The recent PSEN AGM highlighted how many brilliant projects are going on in the city, and how much good news there is to share.
One way to get people to pay attention to the things you’re doing is through Public Relations. Despite having worked in PR for the best part of a decade, it’s still tricky to define exactly what I and my colleagues do.
Public Relations is about reputation – the result of what you do, what you say and what others say about you.
Public Relations is the discipline which looks after reputation, with the aim of earning understanding and support and influencing opinion and behaviour. It is the planned and sustained effort to establish and maintain goodwill and mutual understanding between an organisation and its publics.
From this description, it’s easy to see why PR is so key to social enterprises – there are so many people (or publics) you need to keep happy: customers, employees, beneficiaries, charities, funders, Councillors, media…. The list goes on.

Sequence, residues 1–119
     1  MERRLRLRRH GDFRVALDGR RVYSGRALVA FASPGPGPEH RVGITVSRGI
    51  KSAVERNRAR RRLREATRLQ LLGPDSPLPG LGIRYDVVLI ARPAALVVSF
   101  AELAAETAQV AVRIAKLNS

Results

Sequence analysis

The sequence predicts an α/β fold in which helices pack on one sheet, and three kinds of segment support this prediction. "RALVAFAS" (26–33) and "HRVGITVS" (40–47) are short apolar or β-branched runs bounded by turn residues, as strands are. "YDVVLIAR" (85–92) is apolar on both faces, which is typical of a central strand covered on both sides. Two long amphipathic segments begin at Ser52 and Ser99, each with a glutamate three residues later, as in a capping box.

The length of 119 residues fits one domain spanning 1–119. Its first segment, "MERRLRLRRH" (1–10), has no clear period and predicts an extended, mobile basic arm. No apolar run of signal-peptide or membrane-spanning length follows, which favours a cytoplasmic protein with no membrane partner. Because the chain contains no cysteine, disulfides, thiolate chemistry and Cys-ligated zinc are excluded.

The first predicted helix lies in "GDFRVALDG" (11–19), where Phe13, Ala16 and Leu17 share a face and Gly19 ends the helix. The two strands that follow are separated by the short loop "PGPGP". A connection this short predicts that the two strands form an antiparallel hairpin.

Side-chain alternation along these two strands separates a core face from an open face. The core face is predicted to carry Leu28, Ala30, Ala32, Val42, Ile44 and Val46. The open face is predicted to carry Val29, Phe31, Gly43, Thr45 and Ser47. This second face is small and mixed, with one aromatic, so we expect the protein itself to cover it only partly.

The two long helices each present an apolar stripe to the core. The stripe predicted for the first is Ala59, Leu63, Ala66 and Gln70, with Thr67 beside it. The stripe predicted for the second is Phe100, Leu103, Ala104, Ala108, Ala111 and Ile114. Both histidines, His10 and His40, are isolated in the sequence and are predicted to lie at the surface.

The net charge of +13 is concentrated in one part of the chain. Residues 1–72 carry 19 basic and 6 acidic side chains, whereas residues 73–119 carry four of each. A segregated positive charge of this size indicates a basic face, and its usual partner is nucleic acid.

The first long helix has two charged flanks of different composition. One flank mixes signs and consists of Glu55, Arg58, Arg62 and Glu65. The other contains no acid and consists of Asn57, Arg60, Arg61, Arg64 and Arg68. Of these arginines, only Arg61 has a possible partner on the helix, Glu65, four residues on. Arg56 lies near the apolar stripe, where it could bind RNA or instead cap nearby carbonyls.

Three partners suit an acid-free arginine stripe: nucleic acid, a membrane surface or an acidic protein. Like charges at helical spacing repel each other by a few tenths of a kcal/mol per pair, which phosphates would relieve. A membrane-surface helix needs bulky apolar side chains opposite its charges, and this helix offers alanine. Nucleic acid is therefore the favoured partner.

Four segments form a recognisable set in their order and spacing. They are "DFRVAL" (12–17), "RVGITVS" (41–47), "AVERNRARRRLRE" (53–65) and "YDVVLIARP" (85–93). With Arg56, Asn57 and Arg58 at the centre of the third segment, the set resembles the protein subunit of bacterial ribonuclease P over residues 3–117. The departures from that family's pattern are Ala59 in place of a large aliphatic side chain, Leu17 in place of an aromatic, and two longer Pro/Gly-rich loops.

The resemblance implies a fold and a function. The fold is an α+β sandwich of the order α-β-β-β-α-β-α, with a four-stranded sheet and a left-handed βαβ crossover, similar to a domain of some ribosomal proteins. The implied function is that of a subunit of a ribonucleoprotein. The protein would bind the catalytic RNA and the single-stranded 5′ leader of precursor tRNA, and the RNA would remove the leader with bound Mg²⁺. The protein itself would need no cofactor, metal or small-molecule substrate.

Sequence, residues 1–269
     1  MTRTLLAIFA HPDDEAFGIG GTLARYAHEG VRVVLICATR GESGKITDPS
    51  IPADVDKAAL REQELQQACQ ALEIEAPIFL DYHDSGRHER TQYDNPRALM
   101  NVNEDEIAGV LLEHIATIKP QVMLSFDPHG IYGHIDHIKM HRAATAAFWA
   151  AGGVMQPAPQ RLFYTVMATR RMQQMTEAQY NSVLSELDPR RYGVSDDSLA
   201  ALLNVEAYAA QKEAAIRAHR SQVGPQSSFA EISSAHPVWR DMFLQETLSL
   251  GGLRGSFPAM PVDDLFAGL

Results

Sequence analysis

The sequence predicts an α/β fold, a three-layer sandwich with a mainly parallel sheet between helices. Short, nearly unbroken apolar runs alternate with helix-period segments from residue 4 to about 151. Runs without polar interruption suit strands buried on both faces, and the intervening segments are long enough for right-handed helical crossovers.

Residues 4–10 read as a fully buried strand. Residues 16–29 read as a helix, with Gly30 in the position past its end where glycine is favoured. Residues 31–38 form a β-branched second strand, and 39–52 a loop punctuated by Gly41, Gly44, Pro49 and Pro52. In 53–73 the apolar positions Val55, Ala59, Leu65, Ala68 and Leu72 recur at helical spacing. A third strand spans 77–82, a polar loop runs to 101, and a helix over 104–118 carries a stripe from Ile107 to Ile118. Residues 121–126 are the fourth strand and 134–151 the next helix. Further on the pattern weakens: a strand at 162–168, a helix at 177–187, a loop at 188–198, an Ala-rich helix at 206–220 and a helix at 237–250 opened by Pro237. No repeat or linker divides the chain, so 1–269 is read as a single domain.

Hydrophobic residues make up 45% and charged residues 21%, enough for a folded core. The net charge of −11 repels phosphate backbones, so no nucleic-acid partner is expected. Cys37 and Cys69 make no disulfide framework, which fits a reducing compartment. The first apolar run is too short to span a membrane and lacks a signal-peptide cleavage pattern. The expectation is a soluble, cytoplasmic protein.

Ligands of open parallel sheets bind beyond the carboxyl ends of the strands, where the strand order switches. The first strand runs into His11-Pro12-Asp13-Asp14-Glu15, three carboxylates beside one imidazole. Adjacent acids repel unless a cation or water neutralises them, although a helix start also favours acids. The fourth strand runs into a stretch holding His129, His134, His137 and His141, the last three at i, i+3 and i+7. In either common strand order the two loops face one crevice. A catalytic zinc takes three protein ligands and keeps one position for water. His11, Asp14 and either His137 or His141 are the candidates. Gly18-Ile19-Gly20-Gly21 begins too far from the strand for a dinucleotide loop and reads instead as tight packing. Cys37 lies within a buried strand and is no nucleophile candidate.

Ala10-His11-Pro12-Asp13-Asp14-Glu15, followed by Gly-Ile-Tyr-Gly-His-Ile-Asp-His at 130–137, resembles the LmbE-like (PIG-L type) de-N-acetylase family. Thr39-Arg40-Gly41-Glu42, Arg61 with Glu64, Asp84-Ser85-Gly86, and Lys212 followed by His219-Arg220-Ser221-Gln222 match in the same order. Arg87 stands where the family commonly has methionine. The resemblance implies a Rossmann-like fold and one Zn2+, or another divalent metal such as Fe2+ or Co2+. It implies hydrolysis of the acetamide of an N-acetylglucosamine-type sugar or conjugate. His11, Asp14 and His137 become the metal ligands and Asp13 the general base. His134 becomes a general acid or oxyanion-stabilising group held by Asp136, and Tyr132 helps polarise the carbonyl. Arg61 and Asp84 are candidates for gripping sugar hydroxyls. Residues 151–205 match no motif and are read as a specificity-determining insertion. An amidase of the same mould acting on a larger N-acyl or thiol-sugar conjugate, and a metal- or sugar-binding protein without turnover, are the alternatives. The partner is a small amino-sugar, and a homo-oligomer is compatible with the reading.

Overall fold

There is a common thread though – building a relationship. While advertising can be seen as essentially shouting at people to buy your product, use your service or otherwise act in the way you want them to, PR is about building a relationship with the people you want to engage with.
Why is this more effective? Think back to a time when you’ve asked people for their opinion. It could be posting on social media, looking at online reviews, or when you were picking out that lovely new pair of shoes in the shop. What did you pay the most attention to? The advert you saw about the product? Or was it a more personal experience – the opinions of people in your peer group, the trusted review or the expert staff in the shop? I suspect it was the latter.
Who do you trust?
PR helps your organisation build that kind of relationship with the people you engage with. Whether it’s through face to face conversations, blog posts, or a piece in the paper, you become trusted as the expert in your field who can be relied on for accurate information and advice, not just a product. This leads to longer-term relationships with people, who then become your organisation’s advocates – so when their friends and family ask for their opinion, you’re at the front of their mind.
In an age where people are increasingly distrustful, if you are the organisation they can rely on, it’ll pay dividends all around.
If you’re looking for a PR practitioner on a permanent or freelance basis, look for someone on the CIPR’s Public Relations Register (where you’ll find me!). The CIPR have also put together a series of guides to help you recruit or invite pitches from your perfect PR match.
|Louise Manico MCIPR
Founder and Consultant